Home » business, international, julie horwitz's travel blog, society & culture

American fast food is a way of life for many Chinese

By 5 June 2009 One Comment

China’s economy has been growing by leaps and bound in recent years, and Western fast food chains such as  Kentucky Fried Chicken and McDonald’s have made some impressive strides of their own. The first McDonald’s appeared in Shenzhen in 1990, while the first KFC opened its doors in Beijing in 1987. Today, there are 960 McDonald’s across the country and nearly 2,600 KFC’s.

How did American fast food get so popular so fast?  Do Chinese people really relish the taste all that much? Is it a matter of convenience in an increasingly fast-paced society? Or is downing such fare as American burgers and fries seen by Chinese as status symbol in a country now aggressively linking its fate with the global economy?

The answers to these questions vary a lot depending on to whom you happen to be talking.

Beijing KFC customer Jessie Liu, 26, said that although she does sometimes prefer fast food to traditional Chinese food, the main reason she comes to restaurants like KFC is because they are convenient.

“Sometimes I may need to wait for friends who I plan to eat with, and eating at places like KFC makes this more convenient,” Liu said.

Zhao Liang, 24, was eating at a McDonald’s on Di’Anmen street in central Beijing just because he felt like eating a hamburger. While he generally prefers traditional Chinese food to American fast food, what he eats often depends on his mood.

“Sometimes I want rice, sometimes I want noodles, and other times I might want a hamburger,” Liang said.

Many other Chinese adults who would not otherwise frequent  American fast-food chains are often willing to go for their children. Cheng Tang, mother of four-year-old Chris, said she was dining at KFC solely for her daughter.

“For Chinese food, meals are just eating, but here, she can play on the playground and is always happy to meet new friends,” Tang said.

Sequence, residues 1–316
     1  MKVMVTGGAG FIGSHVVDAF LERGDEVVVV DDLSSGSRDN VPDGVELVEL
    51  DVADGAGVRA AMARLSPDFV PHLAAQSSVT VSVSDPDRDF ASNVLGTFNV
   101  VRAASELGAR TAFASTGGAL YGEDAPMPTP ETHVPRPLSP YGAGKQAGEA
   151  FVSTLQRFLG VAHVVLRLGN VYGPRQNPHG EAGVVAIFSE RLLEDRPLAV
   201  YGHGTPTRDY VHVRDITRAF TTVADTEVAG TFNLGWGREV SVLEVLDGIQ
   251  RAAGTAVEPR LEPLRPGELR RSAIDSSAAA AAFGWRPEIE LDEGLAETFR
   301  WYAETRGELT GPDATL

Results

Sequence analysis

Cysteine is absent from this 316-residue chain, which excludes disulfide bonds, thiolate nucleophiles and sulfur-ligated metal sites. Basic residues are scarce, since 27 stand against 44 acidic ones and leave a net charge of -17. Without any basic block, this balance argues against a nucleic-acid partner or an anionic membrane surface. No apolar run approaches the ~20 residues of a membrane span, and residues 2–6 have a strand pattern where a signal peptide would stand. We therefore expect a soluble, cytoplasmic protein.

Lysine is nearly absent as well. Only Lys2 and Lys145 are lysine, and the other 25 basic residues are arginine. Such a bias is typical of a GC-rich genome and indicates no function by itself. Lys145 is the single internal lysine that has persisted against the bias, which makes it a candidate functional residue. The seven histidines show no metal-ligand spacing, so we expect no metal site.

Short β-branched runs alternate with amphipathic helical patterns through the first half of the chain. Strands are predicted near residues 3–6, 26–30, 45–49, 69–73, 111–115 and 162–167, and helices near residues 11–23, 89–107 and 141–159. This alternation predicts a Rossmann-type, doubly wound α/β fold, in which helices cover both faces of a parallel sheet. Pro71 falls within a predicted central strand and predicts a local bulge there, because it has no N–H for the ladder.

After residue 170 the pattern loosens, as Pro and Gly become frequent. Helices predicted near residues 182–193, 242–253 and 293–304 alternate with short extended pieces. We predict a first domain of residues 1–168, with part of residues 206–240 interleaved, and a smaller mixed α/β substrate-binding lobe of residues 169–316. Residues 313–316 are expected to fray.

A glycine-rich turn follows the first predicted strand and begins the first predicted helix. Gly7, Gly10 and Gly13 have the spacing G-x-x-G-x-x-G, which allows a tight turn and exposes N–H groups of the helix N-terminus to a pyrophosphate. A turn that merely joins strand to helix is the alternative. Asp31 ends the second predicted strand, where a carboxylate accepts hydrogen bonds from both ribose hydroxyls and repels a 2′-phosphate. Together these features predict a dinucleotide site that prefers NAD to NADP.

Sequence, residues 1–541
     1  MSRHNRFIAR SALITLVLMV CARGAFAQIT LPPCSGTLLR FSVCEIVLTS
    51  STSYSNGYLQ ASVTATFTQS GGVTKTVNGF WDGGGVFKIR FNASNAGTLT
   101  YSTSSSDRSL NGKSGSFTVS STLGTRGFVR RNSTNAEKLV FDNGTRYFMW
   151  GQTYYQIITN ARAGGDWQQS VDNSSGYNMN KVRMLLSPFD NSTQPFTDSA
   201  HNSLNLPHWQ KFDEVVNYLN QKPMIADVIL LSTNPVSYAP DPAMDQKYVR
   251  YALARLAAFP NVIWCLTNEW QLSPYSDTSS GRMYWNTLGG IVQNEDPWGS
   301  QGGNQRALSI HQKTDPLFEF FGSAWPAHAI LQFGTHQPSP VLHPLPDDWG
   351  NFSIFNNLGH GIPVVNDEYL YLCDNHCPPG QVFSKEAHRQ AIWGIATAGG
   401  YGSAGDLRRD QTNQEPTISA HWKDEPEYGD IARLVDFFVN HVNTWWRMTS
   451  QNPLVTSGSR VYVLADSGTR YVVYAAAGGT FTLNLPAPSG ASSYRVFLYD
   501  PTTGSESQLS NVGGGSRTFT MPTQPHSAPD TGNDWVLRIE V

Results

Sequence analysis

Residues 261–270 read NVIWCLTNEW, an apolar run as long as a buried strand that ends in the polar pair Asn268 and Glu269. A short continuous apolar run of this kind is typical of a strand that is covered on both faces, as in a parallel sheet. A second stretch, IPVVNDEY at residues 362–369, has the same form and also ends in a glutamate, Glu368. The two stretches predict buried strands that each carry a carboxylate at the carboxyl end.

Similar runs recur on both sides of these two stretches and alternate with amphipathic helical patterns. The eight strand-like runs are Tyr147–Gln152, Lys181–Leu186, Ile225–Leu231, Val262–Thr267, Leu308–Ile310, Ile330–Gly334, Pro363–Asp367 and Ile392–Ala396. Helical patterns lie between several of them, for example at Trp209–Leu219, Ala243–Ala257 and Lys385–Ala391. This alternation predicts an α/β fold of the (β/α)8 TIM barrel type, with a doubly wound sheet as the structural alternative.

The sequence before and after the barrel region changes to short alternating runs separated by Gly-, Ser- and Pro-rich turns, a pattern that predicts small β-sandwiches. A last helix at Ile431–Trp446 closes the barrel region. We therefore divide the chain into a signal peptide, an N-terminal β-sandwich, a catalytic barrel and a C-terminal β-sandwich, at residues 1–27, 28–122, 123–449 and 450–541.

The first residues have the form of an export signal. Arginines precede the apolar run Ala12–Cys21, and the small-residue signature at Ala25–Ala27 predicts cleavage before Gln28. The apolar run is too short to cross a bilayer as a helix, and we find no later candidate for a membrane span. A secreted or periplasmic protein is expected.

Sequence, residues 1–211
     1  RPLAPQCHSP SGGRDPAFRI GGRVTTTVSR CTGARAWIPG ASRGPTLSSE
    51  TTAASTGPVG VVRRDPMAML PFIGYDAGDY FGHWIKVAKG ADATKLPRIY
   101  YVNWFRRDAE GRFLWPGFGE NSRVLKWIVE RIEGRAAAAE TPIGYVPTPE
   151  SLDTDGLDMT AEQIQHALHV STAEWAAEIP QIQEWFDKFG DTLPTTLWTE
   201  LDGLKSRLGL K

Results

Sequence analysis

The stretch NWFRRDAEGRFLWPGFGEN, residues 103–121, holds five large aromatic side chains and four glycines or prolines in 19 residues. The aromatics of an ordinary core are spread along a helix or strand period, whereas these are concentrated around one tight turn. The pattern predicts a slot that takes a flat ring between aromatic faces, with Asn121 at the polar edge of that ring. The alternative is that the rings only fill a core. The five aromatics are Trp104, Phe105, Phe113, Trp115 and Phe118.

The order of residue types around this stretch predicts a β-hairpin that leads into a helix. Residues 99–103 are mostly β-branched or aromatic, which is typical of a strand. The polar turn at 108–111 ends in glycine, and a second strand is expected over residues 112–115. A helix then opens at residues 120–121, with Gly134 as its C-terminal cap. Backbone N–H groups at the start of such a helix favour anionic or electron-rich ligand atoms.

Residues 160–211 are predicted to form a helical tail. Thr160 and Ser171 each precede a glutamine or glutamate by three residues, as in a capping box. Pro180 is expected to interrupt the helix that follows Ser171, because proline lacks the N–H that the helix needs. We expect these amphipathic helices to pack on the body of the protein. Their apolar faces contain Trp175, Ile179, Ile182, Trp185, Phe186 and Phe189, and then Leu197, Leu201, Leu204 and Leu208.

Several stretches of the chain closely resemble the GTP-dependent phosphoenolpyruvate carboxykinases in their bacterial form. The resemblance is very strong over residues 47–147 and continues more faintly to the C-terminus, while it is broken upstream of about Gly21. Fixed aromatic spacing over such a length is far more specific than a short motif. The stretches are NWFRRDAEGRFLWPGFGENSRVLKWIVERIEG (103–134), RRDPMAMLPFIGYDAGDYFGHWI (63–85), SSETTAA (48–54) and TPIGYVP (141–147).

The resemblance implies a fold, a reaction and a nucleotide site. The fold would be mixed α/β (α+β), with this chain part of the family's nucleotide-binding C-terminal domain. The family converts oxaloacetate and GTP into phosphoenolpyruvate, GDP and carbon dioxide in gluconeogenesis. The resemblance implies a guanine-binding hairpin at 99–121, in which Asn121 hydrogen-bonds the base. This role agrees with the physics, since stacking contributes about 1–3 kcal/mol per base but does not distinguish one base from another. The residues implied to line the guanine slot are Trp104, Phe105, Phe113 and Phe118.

For many Chinese, fast food restaurants are a place to hang out as well as eat. Just as the experience of eating at a Western-style fast food restrauant can be about more than just eating to a child because of the play structures, it can also be about more than just eating to adults as they also serve as a place to hang out.

In a research paper entitled “McDonald’s and Its Localization in China”, international relations student Hao Ziduan noted that because China is the most populous in the world, it is often very difficult for people to find a decent public space to hang out with friends, study, or conduct business.

Paul Mooney, a freelance reporter who has been living in Beijing since 1994, said he often conducts interviews in American fast food restaurants. “It’s what many of my sources arrange,” said Mooney. “I’ve probably had more than 100 interviews in fast food restaurants over the years.” Mooney said this happens because fast food restaurants are a common meeting place for many Chinese.

Many Chinese businesses are beginning to mimic the business style of American fast food restaurants, as well. “Fast food is definitely a growing business here,” said Mooney. “I often see new Chinese companies that have adopted the model to do shops that are similar to American fast food chains, some selling things like burgers and chicken, but many also offering Chinese fast food items. It’s a good business model and many Chinese are keen to copy it.”

And that impulse may well ensure that fast food will continue to tantalize taste buds in China for a long time to come.

One Comment »

  • mlloyd said:

    Sounds like the Chinese eat fast food for the same reasons as Americans! Interesting post!

Leave your response!

Add your comment below, or trackback from your own site. You can also subscribe to these comments via RSS.

Be nice. Keep it clean. Stay on topic. No spam.

You can use these tags:
<a href="" title=""> <abbr title=""> <acronym title=""> <b> <blockquote cite=""> <cite> <code> <del datetime=""> <em> <i> <q cite=""> <strike> <strong>

This is a Gravatar-enabled weblog. To get your own globally-recognized-avatar, please register at Gravatar.